Yost: Ohio to reconcile Niles finances temporarily

Auditor considers city’s current condition unacceptable, deeply concerning

By Jordan Cohen



State fiscal supervisors will reconcile the city’s financial statements with bank records “in the short term” at no cost to Niles, Auditor of State Dave Yost has disclosed in an exclusive interview with The Vindicator.

At last month’s fiscal commission meeting, supervisors revealed records for January were not reconciled and delays were likely for several months, which would place the city at risk of further state-imposed penalties.

The treasurer’s office is required by law to perform monthly record reconciliations, but at the time of the meeting, the office was down to one untrained employee and no treasurer.

With Niles in fiscal emergency since October 2014, Yost considers the current condition unacceptable and deeply concerning.

“How can you monitor the financial condition of an entity when you can’t balance the books every month?” he said.

“We’re going to supply staff… so that they stay up to date and the books are accurate.

“Reconciliation is so critical we’re going to make sure this gets done in the short term,” Yost said.

The free service, however, apparently does not include training of recently appointed interim Treasurer Stephen Telego and two new employees. Supervisors indicated during the commission meeting that the city is responsible for paying for reconciliation training.

“This isn’t rocket science,” Yost said. “Tens of thousands of people in the state know how to do this.”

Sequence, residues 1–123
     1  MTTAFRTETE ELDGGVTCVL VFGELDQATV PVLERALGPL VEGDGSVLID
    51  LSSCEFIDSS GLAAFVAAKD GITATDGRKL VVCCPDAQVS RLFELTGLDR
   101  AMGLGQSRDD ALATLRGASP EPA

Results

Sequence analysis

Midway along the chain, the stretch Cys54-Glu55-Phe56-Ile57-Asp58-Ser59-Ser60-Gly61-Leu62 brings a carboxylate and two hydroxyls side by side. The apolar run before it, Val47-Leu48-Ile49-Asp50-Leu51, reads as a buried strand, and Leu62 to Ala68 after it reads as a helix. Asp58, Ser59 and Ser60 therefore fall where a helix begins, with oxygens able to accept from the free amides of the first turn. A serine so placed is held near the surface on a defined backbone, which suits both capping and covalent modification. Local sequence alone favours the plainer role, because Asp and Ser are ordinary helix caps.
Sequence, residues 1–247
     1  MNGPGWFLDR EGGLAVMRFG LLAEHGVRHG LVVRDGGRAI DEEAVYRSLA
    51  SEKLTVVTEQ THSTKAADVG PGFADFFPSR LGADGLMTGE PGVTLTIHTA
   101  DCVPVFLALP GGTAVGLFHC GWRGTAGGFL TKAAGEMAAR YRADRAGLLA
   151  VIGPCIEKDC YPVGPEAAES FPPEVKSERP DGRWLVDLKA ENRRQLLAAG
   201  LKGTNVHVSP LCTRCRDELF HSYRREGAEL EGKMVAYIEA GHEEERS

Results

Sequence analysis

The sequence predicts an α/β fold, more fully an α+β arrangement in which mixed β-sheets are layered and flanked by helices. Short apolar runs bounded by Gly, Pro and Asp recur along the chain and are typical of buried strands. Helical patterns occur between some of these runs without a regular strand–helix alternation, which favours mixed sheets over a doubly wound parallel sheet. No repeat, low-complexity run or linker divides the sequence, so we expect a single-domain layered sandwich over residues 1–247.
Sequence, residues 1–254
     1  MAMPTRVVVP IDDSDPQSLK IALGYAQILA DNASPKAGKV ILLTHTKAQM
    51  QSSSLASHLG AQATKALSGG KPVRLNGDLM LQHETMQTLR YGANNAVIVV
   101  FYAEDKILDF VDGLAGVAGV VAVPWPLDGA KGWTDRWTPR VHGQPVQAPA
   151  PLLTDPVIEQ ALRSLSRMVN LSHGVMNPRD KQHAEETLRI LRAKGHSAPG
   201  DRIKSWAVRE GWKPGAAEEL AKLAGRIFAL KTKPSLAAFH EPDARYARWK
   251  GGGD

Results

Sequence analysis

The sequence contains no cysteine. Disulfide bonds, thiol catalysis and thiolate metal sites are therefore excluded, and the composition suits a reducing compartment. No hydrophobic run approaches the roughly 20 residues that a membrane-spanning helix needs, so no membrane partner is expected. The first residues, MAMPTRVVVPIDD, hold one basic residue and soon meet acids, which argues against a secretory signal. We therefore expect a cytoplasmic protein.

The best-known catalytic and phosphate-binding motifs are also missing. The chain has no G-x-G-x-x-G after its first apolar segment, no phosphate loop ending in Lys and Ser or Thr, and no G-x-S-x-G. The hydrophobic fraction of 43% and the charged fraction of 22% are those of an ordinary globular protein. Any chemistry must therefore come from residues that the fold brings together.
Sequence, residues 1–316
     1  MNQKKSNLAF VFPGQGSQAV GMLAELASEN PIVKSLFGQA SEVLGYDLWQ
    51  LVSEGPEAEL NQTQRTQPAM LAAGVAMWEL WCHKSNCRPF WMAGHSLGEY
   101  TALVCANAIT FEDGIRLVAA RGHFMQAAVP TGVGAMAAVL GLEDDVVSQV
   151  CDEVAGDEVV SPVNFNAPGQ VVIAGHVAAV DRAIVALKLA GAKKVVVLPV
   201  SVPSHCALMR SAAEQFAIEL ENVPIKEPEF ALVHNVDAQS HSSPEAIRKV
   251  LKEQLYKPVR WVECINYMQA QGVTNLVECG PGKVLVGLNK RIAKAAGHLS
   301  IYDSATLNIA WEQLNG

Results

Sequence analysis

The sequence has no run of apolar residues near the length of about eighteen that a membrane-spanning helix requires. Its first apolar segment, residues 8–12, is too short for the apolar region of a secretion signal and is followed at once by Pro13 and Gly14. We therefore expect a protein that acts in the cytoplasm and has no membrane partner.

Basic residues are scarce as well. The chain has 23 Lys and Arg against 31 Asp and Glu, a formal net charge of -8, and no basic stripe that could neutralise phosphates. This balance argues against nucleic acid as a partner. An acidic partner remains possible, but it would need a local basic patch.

Telego, whose position is part time, said he plans to take the training along with his two-member staff.

“My job is to learn every job in this office, and I’m expecting to have every employee in this office cross-trained,” he said.

Niles Auditor Giovanne Merlo said state law gradually increases the percentage the city is required to pay the fiscal supervisors the longer fiscal emergency lasts. Merlo said the figure rose to the maximum 100 percent at the end of 2017. He said the city pays each supervisor $50 per hour.

Mayor Thomas Scarnecchia has emphasized the city is “in the black” and no funds are in deficit according to the latest financial report to the commission. Not so fast, responded the state auditor.

“The black they’re in is pretty gray-colored,” Yost said while turning to a baseball analogy to describe his view of Niles’ current financial picture.

“Opening day is coming [and] bank reconciliations are just touching first base,” the state auditor said. “Second and third base would mean to trim spending and bring spending in line with revenues.”

The inference being that lifting the fiscal emergency declaration would be the equivalent of a home run.

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